Riboflavin and Old Yellow Enzyme
Riboflavin was first isolated from whey in 1879 by Blyth, and the structure was determined by Kuhn and coworkers in 1933. For the structure determination, this group isolated 30 mg of pure riboflavin from the whites of about 10,000 eggs. The discovery of the actions of riboflavin in biological systems arose from the work of Otto Warburg in Germany and Hugo Theorell in Sweden, both of whom identified yellow substances bound to a yeast enzyme involved in the oxidation of pyridine nucleotides. Theorell showed that riboflavin 5'-phosphate was the source of the yellow color in this old yellow enzyme. By 1938, Warburg had identified FAD, the second common form of riboflavin, as the coenzyme in D-amino acid oxidase, another yellow protein. Riboflavin deficiencies are not at all common. Humans require only about 2 mg per day, and the vitamin is prevalent in many foods. This vitamin is extremely light sensitive, and it is degraded in foods (milk, for example) left in the sun.
The milling and refining of wheat, rice, and other grains causes a loss of riboflavin and other vitamins. In order to correct and prevent dietary deficiencies, the Committee on Food and Nutrition of the National Research Council began in the 1940s to recommend enrichment of cereal grains sold in the United States. Thiamine, riboflavin, niacin, and iron were the first nutrients originally recommended for enrichment by this group. As a result of these actions, generations of American children have become accustomed to reading (on their cereal boxes and bread wrappers) that their foods contain certain percentages of the "U.S. Recommended Daily Allowance" of various vitamins and nutrients.
FIGURE 18.23 • The structure of coenzyme A. Acyl groups form thioester linkages with the —SH group of the ^-mercaptoethylamine moiety.
Pantothenic acid, sometimes called vitamin B3, is a vitamin that makes up one part of a complex coenzyme called coenzyme A (CoA) (Figure 18.23). Pantothenic acid is also a constituent of acyl carrier proteins. Coenzyme A consists of 3',5'-adenosine bisphosphate joined to 4-phosphopantetheine in a phosphoric anhydride linkage. Phosphopantetheine in turn consists of three parts: ¡-mercaptoethylamine linked to ¡-alanine, which makes an amide bond with a branched-chain dihydroxy acid. As was the case for the nicotinamide and flavin coenzymes, the adenine nucleotide moiety of CoA acts as a recognition site, increasing the affinity and specificity of CoA binding to its enzymes.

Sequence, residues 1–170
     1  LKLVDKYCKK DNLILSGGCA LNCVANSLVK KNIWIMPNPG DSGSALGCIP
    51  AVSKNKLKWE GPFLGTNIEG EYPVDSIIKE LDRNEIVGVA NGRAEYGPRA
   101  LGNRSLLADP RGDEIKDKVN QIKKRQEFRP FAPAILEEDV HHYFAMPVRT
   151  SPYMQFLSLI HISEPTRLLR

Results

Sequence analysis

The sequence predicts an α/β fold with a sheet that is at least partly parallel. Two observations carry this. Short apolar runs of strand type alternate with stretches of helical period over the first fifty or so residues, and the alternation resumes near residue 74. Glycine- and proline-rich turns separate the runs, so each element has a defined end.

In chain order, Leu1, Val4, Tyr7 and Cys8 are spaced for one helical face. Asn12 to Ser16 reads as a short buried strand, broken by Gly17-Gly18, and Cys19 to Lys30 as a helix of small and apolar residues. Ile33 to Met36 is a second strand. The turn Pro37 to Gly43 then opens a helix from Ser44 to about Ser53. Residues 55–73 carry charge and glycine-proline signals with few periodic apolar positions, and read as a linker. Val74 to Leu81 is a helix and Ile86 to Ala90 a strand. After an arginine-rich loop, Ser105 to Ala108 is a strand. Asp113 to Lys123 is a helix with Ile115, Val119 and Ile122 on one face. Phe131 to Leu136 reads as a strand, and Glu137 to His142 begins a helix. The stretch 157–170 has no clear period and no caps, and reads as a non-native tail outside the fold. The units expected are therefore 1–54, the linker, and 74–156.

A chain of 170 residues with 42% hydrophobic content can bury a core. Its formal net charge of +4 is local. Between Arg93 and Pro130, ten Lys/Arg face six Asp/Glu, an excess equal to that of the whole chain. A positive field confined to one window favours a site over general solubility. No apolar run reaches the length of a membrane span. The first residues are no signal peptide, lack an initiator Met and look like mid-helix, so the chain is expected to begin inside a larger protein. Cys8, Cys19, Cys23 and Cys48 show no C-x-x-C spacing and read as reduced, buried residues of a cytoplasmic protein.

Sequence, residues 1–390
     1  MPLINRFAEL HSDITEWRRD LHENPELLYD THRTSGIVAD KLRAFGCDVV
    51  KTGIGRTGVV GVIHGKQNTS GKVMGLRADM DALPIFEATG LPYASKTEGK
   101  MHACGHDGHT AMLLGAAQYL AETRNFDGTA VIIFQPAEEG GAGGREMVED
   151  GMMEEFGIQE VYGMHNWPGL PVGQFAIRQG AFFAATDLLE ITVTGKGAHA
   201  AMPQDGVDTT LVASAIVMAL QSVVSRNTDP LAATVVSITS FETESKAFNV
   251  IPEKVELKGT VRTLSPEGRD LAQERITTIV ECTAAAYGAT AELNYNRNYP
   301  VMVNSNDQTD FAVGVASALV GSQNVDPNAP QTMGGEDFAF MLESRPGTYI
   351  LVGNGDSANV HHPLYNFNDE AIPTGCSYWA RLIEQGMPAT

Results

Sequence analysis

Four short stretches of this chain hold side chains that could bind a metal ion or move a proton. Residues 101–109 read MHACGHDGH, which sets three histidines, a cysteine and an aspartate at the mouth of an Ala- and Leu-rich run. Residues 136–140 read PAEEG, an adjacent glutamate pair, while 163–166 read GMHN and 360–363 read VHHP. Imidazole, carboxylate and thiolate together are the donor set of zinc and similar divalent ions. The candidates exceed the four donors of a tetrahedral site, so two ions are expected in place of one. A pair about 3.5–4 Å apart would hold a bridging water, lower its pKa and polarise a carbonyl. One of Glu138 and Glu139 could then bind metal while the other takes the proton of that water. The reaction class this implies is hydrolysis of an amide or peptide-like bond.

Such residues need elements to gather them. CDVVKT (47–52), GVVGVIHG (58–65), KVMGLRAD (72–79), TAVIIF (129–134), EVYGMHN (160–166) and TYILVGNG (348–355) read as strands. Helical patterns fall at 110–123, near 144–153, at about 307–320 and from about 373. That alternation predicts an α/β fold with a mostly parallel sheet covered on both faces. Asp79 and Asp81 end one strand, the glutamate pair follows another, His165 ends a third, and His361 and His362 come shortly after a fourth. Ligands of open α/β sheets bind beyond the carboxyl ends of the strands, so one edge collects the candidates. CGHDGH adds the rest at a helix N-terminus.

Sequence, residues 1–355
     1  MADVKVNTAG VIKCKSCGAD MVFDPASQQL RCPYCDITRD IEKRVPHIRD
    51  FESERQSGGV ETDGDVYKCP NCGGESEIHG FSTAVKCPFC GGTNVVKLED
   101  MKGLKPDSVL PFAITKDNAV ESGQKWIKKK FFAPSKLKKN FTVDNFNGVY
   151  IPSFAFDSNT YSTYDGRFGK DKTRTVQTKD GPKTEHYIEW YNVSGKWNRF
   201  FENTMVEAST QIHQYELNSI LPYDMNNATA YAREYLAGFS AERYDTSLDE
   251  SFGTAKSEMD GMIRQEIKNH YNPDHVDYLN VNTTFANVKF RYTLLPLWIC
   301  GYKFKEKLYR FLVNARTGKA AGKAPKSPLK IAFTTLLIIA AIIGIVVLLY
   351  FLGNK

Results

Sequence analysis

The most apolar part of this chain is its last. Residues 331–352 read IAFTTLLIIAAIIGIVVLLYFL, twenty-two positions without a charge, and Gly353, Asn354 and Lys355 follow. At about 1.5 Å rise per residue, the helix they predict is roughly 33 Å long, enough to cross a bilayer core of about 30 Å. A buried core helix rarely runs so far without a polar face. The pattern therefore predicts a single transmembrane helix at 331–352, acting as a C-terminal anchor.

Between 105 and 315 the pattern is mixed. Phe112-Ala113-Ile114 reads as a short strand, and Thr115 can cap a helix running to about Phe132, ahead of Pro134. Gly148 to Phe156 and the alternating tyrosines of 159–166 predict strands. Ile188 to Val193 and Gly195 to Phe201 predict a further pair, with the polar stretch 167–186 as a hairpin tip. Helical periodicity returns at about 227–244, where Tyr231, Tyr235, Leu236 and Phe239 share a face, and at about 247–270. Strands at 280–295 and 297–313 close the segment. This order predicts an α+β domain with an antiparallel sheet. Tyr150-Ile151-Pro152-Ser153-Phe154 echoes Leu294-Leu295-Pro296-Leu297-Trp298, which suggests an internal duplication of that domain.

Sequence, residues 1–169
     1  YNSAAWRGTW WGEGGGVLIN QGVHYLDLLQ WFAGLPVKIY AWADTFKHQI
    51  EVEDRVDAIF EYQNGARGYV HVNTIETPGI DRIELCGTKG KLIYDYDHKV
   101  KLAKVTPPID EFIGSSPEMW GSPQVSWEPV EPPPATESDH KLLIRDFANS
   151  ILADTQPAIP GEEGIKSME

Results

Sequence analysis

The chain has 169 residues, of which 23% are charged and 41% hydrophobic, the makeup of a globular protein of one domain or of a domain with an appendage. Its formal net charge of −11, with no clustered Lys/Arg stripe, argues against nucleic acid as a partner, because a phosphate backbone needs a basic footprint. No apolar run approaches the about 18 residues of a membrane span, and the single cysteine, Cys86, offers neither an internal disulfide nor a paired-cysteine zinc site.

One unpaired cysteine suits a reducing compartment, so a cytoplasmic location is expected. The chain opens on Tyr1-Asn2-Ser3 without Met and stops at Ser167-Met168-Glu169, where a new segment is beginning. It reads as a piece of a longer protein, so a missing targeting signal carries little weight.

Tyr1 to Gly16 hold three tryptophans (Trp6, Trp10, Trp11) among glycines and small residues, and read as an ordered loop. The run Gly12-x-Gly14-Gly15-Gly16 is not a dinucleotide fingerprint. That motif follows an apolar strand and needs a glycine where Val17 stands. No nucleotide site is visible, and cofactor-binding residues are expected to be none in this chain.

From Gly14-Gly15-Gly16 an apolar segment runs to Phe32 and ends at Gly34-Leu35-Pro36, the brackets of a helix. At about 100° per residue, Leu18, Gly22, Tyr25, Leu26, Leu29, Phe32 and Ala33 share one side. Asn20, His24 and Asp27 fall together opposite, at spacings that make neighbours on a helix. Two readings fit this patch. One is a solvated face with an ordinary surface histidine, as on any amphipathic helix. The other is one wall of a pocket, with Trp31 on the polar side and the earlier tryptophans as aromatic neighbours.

The two main functions of coenzyme A are
(a) activation of acyl groups for transfer by nucleophilic attack and
(b) activation of the a-hydrogen of the acyl group for abstraction as a proton. Both of these functions are mediated by the reactive sulfhydryl group on CoA, which forms thioester linkages with acyl groups.
The activation of acyl groups for transfer by CoA can be appreciated by comparing the hydrolysis of the thioester bond of acetyl-CoA with hydrolysis of a simple oxygen ester:
Ethyl acetate Acetyl-SCoA
h2o acetate + ethanol + H+ aG° -> acetate + CoA-SH + H+ AGC
Hydrolysis of the thioester is more favorable than that of oxygen esters, presumably because the carbon-sulfur bond has less double bond character than the corresponding carbon-oxygen bond. This means that transfer of the acetyl group from acetyl-CoA to a given nucleophile (Figure 18.24) will be more spontaneous than transfer of an acetyl group from an oxygen ester. For this reason, acetyl-CoA is said to have a high group-transfer potential.
The 4-phosphopantetheine group of CoA is also utilized (for essentially the same purposes) in acyl carrier proteins (ACPs) involved in fatty acid biosynthesis (see Chapter 25). In acyl carrier proteins, the 4-phosphopantetheine is covalently linked to a serine hydroxyl group. Pantothenic acid is an essential factor for the metabolism of fat, protein, and carbohydrates in the tricarboxylic acid cycle and other pathways. In view of its universal importance in metabolism, it is surprising that pantothenic acid deficiencies are not a more serious problem in humans, but this vitamin is abundant in almost all foods, so that deficiencies are rarely observed.
Was this article helpful?